1. Consider invasive or noninvasive intubation.
Noninvasive ventilation is recommended for patients with COPD and can improve respiratory acidosis. If the patient displays apnea, respiratory muscle fatigue, alterations in mental status, or worsening acidosis, prepare for intubation and mechanical ventilation.

2. Confirm endotracheal tube placement.
Use a CO2 detector, obtain a chest X-ray, and auscultate bilateral breath sounds to confirm ET tube placement.

3. Communicate effectively with the patient.
The patient who is intubated will not be able to vocalize. Still, the nurse can maintain communication by utilizing their eyeglasses and hearing aids and using other methods like whiteboards or gestures.

4. Collaborate with the respiratory therapist.
The respiratory therapist is trained to assist with intubation, monitor the respiratory status, administer respiratory medications, and adjust ventilator settings.

5. Prevent ventilator-associated events (VAE).
The nurse can prevent VAE like aspiration pneumonia, pulmonary embolism, and sepsis by keeping the head of the bed elevated 30-45 degrees, suctioning PRN, repositioning the patient or using a rotational bed, and washing the hands before performing patient care.

Ineffective Airway Clearance

Acute respiratory failure can be caused by various problems that obstruct the airway or make it difficult to clear secretions.

Nursing Diagnosis: Ineffective Airway Clearance

  • Disease exacerbation (COPD, asthma)
  • Neuromuscular dysfunction (myasthenia gravis, ALS, etc.)
  • Excessive mucus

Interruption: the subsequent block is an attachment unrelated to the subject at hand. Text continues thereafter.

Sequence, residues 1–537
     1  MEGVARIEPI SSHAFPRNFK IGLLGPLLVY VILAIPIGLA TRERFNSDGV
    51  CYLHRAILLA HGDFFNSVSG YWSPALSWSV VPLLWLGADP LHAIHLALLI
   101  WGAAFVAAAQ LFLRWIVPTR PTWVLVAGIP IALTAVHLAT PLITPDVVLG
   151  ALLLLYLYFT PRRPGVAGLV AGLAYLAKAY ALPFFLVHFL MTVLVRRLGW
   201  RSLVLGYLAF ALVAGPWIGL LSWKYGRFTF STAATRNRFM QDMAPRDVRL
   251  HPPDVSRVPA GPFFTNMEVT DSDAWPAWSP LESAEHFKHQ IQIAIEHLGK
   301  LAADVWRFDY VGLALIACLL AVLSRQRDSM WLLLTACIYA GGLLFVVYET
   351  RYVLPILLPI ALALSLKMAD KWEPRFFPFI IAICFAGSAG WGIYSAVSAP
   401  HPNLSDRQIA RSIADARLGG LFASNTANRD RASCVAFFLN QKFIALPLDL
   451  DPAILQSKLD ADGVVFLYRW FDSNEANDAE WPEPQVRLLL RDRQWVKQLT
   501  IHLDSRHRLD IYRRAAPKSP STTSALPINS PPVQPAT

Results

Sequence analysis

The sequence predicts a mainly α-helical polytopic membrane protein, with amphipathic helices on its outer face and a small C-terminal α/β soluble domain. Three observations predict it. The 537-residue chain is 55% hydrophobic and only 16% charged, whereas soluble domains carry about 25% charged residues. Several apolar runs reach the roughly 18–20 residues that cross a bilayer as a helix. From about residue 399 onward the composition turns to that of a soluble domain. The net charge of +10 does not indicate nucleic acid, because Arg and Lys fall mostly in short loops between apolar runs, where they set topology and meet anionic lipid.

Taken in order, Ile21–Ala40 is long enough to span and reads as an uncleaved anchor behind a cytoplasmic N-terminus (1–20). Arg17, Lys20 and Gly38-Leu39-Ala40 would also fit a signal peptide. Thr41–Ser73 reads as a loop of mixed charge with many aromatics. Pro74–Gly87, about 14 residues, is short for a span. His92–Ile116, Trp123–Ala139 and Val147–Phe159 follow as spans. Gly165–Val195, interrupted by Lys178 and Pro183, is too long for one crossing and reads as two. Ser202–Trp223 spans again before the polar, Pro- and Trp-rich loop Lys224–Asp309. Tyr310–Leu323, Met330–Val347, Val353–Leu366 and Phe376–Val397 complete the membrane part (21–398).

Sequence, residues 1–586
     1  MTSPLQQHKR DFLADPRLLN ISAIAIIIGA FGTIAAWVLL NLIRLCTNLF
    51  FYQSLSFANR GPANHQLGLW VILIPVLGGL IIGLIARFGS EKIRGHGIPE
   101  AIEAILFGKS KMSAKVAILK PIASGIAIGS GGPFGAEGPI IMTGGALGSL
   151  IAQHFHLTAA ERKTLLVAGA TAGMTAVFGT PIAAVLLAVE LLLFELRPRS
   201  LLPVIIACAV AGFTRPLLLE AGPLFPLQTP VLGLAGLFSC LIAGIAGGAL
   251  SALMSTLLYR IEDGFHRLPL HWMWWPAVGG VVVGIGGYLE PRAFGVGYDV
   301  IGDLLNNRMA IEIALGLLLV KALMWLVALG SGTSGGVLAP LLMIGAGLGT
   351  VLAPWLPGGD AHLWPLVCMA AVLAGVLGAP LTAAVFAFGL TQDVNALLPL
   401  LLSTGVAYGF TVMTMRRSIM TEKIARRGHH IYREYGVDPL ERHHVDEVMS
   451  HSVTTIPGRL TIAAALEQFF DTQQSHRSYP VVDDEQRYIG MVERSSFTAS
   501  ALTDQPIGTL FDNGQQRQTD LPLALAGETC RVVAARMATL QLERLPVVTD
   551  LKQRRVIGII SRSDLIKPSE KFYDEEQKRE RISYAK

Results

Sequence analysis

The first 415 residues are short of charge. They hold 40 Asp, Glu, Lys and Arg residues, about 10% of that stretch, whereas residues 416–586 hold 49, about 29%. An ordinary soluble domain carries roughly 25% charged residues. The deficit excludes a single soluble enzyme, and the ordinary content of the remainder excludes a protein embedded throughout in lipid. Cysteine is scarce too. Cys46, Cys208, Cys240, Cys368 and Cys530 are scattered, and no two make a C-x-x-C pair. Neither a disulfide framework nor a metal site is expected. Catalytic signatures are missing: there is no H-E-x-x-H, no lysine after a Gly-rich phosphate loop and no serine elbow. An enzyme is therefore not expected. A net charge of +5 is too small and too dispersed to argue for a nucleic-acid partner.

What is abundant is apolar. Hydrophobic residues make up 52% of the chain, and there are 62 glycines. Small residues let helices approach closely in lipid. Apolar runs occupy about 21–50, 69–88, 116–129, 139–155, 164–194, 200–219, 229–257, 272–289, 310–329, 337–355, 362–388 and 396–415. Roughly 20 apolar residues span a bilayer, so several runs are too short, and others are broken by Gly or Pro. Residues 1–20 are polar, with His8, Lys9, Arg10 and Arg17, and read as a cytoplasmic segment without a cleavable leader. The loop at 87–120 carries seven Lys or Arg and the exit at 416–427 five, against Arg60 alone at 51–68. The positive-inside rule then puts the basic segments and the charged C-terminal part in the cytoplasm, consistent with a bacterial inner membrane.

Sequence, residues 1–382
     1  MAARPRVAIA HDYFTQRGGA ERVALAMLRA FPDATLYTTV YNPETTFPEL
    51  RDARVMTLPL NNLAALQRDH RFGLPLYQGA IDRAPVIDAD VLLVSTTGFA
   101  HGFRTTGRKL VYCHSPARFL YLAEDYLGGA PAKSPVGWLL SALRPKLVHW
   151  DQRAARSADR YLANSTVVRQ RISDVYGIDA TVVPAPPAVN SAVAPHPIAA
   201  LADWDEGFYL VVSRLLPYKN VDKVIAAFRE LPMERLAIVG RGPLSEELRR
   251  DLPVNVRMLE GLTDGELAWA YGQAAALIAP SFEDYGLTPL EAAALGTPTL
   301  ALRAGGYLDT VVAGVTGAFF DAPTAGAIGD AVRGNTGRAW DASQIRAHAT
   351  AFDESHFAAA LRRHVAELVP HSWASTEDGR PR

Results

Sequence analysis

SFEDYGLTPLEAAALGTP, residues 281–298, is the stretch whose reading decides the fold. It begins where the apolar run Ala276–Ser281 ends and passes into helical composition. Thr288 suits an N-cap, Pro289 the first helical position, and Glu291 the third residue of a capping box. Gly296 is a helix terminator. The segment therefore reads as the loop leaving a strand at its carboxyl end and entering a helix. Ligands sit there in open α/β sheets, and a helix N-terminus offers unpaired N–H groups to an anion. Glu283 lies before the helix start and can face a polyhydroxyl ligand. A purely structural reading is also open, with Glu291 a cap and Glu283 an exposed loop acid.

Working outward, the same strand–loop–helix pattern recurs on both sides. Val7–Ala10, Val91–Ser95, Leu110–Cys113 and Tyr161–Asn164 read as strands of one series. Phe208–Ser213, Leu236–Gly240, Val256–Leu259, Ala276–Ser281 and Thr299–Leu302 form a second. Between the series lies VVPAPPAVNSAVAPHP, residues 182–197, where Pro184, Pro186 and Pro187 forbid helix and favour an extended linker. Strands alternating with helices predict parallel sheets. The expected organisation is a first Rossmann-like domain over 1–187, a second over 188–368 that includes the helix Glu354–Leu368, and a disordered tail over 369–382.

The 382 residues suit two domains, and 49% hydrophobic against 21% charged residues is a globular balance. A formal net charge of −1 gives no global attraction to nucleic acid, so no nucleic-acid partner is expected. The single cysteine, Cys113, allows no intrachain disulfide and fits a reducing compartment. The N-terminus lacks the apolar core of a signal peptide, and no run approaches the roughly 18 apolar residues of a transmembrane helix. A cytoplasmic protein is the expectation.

• Airway spasm
  • Exudate in the alveoli
  • Infectious processes
  • Foreign body in the airway

As evidenced by:

  • Adventitious/diminished breath sounds 
  • Altered respiratory rhythm
  • Dyspnea
  • Cyanosis
  • Diminished breath sounds 
  • Excessive sputum
  • Ineffective cough 
  • Nasal flaring
  • Restlessness

Expected outcomes:

  • Patient will maintain a clear airway and demonstrate effective coughing.
  • Patient will demonstrate effective airway clearance as evidenced by clear lung sounds.


1. Assess and monitor breath sounds.
Wheezing is indicative of narrowed/obstructed airways. Crackles and rales signal fluid or mucus filled bronchioles.

2. Assess respiratory rate, depth, and pattern.
Tachypnea, labored breathing, and accessory muscle use signal respiratory distress.

3. Identify those at risk of ineffective airway clearance.
Patients with a history of COPD, cystic fibrosis, or difficulty swallowing/coughing such as with a stroke, developmental delays, muscular dystrophy, etc., are at a higher risk of obstructed airways.


1. Obtain a sputum sample.
Attempt to obtain a sample of sputum for testing to determine an underlying infectious process and appropriate antibiotic regimen.

2. Encourage respiratory device use.
Devices such as an incentive spirometer or flutter valve can be encouraged to mobilize secretions.

3. Administer medications as indicated.
Bronchodilators open airways while expectorants loosen and thin mucus making it easier to cough up.

4. Suction as needed.
Patients who cannot clear oral secretions or swallow may need suctioning PRN. Patients with a tracheostomy often require frequent suctioning to clear secretions.

Ineffective Breathing Pattern

When the breathing pattern is ineffective, the body will likely not get enough oxygen in the cells. Respiratory failure is commonly associated with abnormal respiratory rates and poor ventilation.

Nursing Diagnosis: Ineffective Breathing Pattern